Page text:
Jon Hewitt’s review Nov 20, 2020
“Fabulous read, particularly the early years! BTS is a very rare breed (outside of a studio system) – a feature film director with a very long career and heaps of credits, including all the sploitations from oz to god! Revealing and funny. Highly recommended.”
Christopher rated – it it was amazing “Let’s get my biases out of the way first.
First, Brian wrote a funny, terrific foreword to my book, Mine’s Bigger Than Yours! The 100 Wackiest Action Movies. And he’s a really good Mensch.
Second, as a genre film-obsessed Canadian, I feel a kind of kinship with our pals Down Under. Much like our Tax Shelter era horror films of the 70s, a bunch of plucky action films helped get Aussie films noticed abroad. And two geographic neologisms were coined: Canuxploitation and Ozploitation.
The latter is thanks in large part to Trenchard-Smith, with his unabashedly fun (and action-packed) efforts like Turkey Shoot, Stunt Rock, and my personal favorite, Strike of the Panther. The Man from Hong Kong is accurately described by Film Ink as “about as good as an Australian riff on James Bond that you were ever likely to see at that time.”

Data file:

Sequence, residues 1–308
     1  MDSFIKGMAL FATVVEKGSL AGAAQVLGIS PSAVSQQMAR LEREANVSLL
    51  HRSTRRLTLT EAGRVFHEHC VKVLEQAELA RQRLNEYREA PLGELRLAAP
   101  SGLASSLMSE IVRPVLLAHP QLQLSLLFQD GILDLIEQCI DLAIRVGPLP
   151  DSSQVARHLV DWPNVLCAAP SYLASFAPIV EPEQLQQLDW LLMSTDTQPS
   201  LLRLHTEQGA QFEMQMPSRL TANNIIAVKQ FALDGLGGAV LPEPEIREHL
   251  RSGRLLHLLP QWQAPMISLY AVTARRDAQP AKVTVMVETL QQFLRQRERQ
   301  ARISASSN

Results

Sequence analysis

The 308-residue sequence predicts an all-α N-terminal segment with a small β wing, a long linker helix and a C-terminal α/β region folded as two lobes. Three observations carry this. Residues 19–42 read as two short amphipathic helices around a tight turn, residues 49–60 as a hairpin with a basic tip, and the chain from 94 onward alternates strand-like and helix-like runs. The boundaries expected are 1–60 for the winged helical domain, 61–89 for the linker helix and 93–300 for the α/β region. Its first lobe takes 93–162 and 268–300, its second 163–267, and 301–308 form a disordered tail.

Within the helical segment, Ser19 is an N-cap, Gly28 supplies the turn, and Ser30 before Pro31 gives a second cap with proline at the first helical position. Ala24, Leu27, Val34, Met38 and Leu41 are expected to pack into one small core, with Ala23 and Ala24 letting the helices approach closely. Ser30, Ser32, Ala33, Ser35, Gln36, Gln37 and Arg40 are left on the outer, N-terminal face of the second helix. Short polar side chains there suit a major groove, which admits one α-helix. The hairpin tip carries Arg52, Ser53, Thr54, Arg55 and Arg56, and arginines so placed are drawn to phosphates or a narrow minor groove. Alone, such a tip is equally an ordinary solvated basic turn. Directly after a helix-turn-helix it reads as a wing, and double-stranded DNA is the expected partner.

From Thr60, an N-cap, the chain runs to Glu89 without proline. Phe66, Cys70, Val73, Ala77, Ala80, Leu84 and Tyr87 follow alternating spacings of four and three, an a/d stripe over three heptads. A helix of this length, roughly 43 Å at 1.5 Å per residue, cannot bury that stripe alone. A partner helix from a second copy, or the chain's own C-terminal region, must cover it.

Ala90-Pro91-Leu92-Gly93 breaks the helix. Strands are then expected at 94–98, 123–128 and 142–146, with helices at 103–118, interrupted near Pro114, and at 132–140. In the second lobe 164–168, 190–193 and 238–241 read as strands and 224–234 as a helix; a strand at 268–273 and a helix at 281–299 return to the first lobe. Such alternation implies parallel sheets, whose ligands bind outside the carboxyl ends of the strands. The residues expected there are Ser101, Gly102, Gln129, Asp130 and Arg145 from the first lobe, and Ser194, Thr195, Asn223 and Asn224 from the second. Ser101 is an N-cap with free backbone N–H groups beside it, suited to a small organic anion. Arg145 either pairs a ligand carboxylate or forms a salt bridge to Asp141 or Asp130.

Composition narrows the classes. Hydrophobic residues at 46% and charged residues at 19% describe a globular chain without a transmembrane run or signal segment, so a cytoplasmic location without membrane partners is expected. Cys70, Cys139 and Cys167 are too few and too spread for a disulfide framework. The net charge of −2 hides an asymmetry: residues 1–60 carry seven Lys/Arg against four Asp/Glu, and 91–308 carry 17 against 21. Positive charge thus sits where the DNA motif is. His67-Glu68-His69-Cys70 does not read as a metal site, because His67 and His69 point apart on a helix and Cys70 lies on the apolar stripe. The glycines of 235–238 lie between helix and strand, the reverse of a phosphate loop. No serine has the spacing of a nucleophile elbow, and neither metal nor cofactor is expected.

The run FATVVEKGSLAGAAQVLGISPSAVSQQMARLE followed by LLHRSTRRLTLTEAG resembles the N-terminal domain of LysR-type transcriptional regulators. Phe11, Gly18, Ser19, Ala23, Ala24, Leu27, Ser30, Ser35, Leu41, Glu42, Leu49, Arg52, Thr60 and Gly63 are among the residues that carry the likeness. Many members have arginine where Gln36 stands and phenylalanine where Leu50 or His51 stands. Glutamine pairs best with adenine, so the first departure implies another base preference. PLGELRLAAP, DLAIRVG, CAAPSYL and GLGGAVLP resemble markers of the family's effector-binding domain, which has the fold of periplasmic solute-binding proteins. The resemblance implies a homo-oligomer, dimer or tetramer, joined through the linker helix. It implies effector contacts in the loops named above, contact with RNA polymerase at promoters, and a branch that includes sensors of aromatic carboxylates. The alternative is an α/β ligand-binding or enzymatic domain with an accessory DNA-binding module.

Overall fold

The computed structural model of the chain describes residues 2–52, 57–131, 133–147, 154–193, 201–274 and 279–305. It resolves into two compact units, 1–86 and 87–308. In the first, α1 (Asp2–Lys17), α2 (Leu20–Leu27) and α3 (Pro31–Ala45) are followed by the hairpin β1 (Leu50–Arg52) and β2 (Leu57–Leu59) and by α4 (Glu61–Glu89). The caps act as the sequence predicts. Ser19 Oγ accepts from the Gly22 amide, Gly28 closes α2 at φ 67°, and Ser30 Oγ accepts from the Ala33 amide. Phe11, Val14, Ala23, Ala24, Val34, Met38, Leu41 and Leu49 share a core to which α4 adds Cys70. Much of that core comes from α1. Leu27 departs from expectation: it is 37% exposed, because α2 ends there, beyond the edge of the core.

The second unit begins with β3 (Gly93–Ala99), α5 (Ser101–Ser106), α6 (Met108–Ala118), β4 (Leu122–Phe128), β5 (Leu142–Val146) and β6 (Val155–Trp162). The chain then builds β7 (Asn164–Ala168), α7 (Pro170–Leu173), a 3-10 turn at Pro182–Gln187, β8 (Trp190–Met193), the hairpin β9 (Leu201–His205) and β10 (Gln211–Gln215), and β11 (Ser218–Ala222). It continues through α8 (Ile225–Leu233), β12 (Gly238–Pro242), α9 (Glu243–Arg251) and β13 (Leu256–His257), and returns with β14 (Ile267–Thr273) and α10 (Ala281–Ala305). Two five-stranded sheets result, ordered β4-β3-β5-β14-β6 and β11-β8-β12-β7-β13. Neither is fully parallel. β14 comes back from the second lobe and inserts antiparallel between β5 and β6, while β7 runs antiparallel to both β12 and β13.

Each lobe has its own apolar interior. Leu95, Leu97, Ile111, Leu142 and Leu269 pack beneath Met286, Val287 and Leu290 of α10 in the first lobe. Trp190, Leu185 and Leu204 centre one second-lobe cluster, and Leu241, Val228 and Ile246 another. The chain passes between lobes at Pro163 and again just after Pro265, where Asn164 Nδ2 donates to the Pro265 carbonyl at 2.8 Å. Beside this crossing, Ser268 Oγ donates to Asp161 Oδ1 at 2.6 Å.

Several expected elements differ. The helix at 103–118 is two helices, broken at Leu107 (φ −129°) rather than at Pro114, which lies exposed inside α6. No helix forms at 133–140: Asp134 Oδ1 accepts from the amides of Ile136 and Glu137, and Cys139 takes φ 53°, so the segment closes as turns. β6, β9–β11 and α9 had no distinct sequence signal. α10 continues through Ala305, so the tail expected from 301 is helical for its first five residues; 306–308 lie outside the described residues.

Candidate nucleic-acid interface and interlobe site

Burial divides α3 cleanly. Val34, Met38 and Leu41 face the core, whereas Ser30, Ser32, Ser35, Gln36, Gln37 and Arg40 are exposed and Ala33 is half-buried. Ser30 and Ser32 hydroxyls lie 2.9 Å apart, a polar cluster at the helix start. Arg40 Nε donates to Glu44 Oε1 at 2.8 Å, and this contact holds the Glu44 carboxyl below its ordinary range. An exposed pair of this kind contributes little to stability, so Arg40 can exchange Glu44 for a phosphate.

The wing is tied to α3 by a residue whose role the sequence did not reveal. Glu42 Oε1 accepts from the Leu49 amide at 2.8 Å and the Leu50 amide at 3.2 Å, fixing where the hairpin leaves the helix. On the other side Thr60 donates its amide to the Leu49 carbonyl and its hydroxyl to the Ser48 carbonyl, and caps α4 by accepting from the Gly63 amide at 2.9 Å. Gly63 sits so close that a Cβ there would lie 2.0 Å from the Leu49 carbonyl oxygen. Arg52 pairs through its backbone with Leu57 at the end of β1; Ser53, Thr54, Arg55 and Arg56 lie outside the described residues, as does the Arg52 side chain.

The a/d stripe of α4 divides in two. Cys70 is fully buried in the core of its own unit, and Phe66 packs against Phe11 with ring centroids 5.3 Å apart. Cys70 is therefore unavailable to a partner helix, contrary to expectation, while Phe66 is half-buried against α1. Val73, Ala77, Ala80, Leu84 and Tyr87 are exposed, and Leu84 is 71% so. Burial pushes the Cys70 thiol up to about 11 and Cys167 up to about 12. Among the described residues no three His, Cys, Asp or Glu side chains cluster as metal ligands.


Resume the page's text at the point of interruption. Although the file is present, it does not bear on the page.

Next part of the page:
As a bonus: BTS helped launch Nicole Kidman’s career too, putting the at the time curly-haired young actress into his charming action/kids movie, BMX Bandits.
Anyway, I’m the perfect audience for Adventures in the B Movie Trade.
There are lots of terrific behind the scenes insights about the shoots and Trenchard-Smith’s somewhat unlikely rise to prominence and a fellow whom Tarantino would eventually cite as an inspiration.
Luckily for the reader, he’s as good a craftsman on the page as he is a film director.
If you order a paperback copy of ADVENTURES IN THE B MOVIE TRADE from Barnes & Noble, please give it a review. In a few weeks, I will publish a hardcover edition with 200 pictures in color.
Coming soon: CENSORED; ALFRED HITCHCOCK – CENSORSHIP SABOTEUR.
Movie Censorship during my formative years by Brian Trenchard-Smith
(Disclaimer, this post contains images of cinematic nudity and violence within historical context.)